In yet another Olympian feat of measurement, researchers at the National Institute of Standards and Technology (NIST) recently calibrated a tape that will be used to measure out the distance of this summer's Olympic marathon -- a distance of 26 miles 385 yards -- to 1 part in 1,000.
Measurement is a vital aspect of the Olympic Games. Officials measure the height of jumps, the speed of races, and the mass of weights to determine who wins a medal and who goes home. The marathon is no different. Because of the difficulties in measuring out the distance, the International Association of Athletic Federations (IAAF) only recognized best times and didn't begin awarding world records for marathons until 2004 when a method using a device called a Jones Counter was officially recognized as sufficiently accurate.
Developed by a father-son duo in the early 1970s, the Jones Counter is a simple geared device that counts the revolutions of a bicycle wheel. To calibrate the device, course measurers lay out a calibrated measuring tape at least 30 meters in length. Once they have determined the number of revolutions that equal that distance -- and a couple of successively longer distances -- they follow painstaking procedures for laying out the rest of the course. The measurements, which can take hours to complete, will ensure that the shortest distance a runner will run will be at least the required distance and no more than about 40 meters over, corresponding to an error of about 1 part in 1,000.
Chris Blackburn, a physical science technician with NIST's Semiconductor and Dimensional Metrology Division, says this calibration wasn't terribly difficult, but it was a little unusual because the tape that the course measurer wanted calibrated was 100 meters long, 40 meters longer than the NIST "tape tunnel," so they had to do the calibration in sections.
"The uncertainties associated with our laser interferometer system are very small," says Blackburn. "And by applying the proper tension on the tape to pull it straight and keeping the temperature at 20 °C, plus or minus 15 hundreths of a degree, we achieve uncertainties of 0.00018 meters, which meets or exceeds our customers' requirements in most cases."
Blackburn's group performs about 40 calibrations annually, mostly for the petroleum and measuring tape manufacturing industry. While the effort that goes into each calibration varies depending on several factors, including tape construction and tape length, most can be completed in a few hours.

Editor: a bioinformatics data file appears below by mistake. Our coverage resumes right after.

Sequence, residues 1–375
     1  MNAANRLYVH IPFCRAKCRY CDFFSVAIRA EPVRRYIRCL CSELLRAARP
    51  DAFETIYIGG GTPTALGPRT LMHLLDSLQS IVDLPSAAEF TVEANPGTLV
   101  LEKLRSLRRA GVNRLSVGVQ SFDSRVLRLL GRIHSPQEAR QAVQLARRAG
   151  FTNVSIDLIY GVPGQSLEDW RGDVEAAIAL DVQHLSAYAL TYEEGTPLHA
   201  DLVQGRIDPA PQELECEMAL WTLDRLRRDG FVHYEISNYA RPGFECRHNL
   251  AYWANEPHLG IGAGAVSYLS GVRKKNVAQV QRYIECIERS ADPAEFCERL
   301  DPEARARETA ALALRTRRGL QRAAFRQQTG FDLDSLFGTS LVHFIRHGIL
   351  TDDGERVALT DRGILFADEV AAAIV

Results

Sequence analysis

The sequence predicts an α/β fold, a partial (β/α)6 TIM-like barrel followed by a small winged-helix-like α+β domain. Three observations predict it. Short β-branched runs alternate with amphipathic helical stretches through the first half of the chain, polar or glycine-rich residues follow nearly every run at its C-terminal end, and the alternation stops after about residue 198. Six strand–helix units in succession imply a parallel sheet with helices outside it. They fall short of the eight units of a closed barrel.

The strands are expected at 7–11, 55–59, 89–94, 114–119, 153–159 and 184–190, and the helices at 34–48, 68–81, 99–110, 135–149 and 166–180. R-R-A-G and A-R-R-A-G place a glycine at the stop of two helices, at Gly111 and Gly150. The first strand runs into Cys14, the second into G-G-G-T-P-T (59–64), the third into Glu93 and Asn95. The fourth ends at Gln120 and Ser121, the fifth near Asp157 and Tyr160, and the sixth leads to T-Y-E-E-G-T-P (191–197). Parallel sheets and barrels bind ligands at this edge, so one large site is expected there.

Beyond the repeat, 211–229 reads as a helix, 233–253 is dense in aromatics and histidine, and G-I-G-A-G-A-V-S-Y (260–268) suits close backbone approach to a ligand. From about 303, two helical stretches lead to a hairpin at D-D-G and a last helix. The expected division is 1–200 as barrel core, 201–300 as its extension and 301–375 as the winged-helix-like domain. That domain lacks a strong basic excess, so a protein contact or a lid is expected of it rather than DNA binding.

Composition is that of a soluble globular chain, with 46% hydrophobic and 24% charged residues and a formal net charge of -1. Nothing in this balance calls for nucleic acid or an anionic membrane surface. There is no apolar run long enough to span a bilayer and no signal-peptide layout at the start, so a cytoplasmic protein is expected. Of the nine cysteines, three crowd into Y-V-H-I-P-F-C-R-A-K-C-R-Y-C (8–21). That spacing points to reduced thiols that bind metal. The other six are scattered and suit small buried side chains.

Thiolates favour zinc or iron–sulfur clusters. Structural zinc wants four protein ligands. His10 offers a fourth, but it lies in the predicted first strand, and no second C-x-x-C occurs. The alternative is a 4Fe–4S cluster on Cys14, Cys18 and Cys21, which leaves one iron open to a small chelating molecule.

The IAAF chose David Katz of Finish Line Road Race Technicians, Inc., and his friend and collaborator Hugh Jones to help perform the measurements, and Katz in turn contacted NIST to perform the calibration of the tape that they used to calibrate their Jones Counters. After making the temperature corrections and compensations for the error that NIST found in the tape (13 mm over 100 meters), Katz and Jones found that their measurements of the marathon course disagreed by 1.3 to 2 meters over the entire distance.
"I was thrilled with the result," says Katz. "This level of agreement, with a difference of about 2 centimeters per mile, is pretty remarkable. This measurement was my gold medal."
This is not the first time that NIST has been asked to help out with Olympic-sized measurement problems. For instance, in 2002, NIST worked with Winter Olympics officials to calibrate and test the photoelectric timers used in bobsled and luge races, showing that they were accurate to within less than half a millisecond.
The above story is based on materials provided by National Institute of Standards and Technology (NIST). Note: Materials may be edited for content and length.
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